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Judges to review long-running dispute over gambling on Texas tribal lands

CASE OVERVIEW

Tuesday’s argument in Ysleta del Sur Pueblo v. Texas features another side of the decades-long conflict between state gaming regulators and Native American tribes. State regulators want to bring reservation gambling under their regulatory umbrella; tribes seek to enjoy gambling facilities that are free from general state constraints.

Some information about the general compromise that governs this issue sets the stage for this dispute. Gambling on tribal lands first rose to prominence with a Seminole casino in Florida in the late 1970s. The success of this facility led to the business model proliferating. The Supreme Court first tackled the problem frankly in its 1987 decision in California vs. Cabazon Band of Mission Indians. This decision draws a distinction between the types of games that a state outright prohibits and the types of games that a state tolerates subject to regulation. States subject to Cabazon Group had the right (under a federal law called Public Law 280) to prevent types of gambling that are prohibited even on reservations, but they cannot enforce their regulatory regimes against types of gambling that are regulated but not prohibited. A few years later, Congress passed the Indian Gaming Regulation Actwhich provides a general framework built on the distinction that judges have made in Cabazon Band.

This case involves Ysleta del Sur Pueblo, a small reserve that wants to continue operating its bingo-themed casino near El Paso. In 1968, Congress transferred fiduciary responsibility from the federal government for the Pueblo to the state of Texas, following a similar action it had taken in 1954 for a much larger reservation held by Alabama- Coushatta in East Texas. In 1983, in response to a lower court ruling that the transfer of these fiduciary responsibilities violated the Texas Constitution, Texas terminated the trust relationship.

Then, in 1987, Congress passed the so-called Restoration Act, which restored the federal government’s relationship of trust with these two tribes. The fundamental question in this case is whether the restoration law, adopted shortly after the decision in Cabazon Group, implements the prohibited/regulated distinction of this case or departs from it. The United States Court of Appeals for the 5th Circuit (which has jurisdiction over Texas) ruled early on that the Restoration Act dismissed the Cabazon Group framework, giving Texas full regulatory control over all forms of gambling on both reservations. The Pueblos and the Alabama-Coushattas have been in more or less constant litigation with Texas ever since, for more than a quarter of a century.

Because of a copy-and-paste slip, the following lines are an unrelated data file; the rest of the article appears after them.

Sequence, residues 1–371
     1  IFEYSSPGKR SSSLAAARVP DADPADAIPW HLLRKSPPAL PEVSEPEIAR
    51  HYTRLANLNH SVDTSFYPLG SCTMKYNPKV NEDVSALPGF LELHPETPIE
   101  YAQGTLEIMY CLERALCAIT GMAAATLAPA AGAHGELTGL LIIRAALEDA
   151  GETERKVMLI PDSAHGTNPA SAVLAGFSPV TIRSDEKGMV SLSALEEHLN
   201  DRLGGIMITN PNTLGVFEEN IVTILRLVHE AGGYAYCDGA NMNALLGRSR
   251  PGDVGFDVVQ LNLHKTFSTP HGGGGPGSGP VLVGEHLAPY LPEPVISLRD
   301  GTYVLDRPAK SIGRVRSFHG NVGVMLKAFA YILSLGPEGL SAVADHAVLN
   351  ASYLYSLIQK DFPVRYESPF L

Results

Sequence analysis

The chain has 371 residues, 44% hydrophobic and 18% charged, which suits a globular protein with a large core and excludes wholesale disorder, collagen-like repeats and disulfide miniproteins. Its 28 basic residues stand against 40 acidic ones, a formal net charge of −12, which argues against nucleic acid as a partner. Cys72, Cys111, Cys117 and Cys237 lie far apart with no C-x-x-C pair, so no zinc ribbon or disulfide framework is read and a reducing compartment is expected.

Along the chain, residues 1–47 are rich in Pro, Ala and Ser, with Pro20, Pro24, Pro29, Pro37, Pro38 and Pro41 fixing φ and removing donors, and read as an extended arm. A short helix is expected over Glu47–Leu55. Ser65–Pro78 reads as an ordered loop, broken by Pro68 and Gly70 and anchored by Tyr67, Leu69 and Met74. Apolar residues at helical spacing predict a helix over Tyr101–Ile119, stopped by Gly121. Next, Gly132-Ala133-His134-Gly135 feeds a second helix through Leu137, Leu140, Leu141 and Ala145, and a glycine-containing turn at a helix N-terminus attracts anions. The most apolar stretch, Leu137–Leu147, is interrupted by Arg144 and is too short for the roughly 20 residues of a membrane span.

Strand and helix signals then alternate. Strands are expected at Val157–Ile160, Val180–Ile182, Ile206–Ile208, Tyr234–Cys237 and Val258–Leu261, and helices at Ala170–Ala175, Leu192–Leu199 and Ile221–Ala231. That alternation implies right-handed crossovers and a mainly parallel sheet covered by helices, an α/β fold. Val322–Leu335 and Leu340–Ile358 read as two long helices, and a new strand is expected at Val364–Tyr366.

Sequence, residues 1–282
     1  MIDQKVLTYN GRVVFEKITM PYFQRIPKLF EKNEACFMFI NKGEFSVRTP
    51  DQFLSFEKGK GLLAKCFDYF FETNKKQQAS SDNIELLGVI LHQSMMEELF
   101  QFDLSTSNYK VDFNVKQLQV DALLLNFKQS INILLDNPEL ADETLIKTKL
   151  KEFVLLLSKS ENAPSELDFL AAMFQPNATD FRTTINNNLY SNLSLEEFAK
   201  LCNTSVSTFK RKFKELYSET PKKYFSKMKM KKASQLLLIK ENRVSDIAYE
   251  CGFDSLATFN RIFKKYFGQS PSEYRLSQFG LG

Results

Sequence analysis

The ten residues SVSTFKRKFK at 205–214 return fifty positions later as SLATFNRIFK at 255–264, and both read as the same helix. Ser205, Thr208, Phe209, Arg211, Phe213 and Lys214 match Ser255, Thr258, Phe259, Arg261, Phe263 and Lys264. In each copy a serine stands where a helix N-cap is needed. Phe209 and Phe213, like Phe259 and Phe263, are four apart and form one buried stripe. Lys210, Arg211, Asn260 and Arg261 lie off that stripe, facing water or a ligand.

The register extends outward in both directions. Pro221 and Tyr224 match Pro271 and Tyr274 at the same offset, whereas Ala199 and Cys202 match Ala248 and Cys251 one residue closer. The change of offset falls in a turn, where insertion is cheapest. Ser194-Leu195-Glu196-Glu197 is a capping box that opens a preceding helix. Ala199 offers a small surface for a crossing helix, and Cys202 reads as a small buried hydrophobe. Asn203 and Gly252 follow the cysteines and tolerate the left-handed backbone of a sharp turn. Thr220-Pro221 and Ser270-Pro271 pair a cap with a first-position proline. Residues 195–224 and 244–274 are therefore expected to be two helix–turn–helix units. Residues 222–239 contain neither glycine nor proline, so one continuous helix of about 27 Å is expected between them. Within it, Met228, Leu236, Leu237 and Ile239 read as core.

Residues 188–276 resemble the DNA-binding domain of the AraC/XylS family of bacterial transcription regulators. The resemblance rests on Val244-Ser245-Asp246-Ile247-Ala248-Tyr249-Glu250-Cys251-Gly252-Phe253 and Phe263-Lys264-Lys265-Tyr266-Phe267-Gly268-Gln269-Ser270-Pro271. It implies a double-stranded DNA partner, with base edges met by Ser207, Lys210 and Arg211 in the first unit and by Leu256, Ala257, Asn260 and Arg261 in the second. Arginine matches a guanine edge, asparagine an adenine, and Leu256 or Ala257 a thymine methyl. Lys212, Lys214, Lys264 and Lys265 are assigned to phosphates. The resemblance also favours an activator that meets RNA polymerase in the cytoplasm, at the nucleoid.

Three provisions of the Restoration Act are relevant. First, Section 105(f) grants Texas “civil and criminal jurisdiction within the bounds of the reservation as if ‘Texas were subject to Public Law 280. Second, Section 107(a) provides that “[a]All gambling activities that are prohibited by Texas state law are hereby prohibited on the reservation and on Tribal lands. Third, Section 107(b) provides: “NO STATE REGULATORY JURISDICTION.” – Nothing in this section shall be construed as a grant of civil or criminal regulatory jurisdiction to the State of Texas.

On the one hand, the arguments of Pueblosupported by the Alabama-Coushatta (an amicus with a big game operation to defend) and the United States. The Pueblo argue that the replication of the Public Law 280 regime in Section 105(f) implicitly brings Cabazon Group distinction at stake, because Cabazon Group itself was an interpretation of the jurisdictional authority of the State of California over the Cabazon Band, which was subject to Public Law 280. Second, the Pueblo interpreted Sections 107(a) and (b) as putting implement both sides of the law. Cabazon Group distinction, with 107(a)’s reference to “prohibited” gambling activities giving Texas the power to prohibit forms of gambling that are totally prohibited in Texas, and with 107(b)’s denial of “regulatory jurisdiction” excluding Texas from directly applying its regulatory authority to the two Restoration Act reservations.

On another side, Texas argues that Section 107(a) sets out the rule for gambling, allowing the state to prohibit any gambling that it could prohibit anywhere in the state, including gambling d ‘a type that is permitted only in accordance with the state regulatory authority. Section 107(b) therefore sets out the general rule of regulation for non-gambling matters and, on this point, denies the state any authority.

In my opinion, the Pueblo have by far the best of the deal when it comes to textual argument. The resemblance of the law to the discussion in Cabazon Group and the language used by Congress to enact this framework into the Indian Gaming Regulation Act is obvious. Yet it is common for judges to give great deference to state efforts to limit harmful activities on reservations, and much of this discussion hinges on a relatively vague reading of Public Law 280. The argument should tell us a lot about how judges lean.


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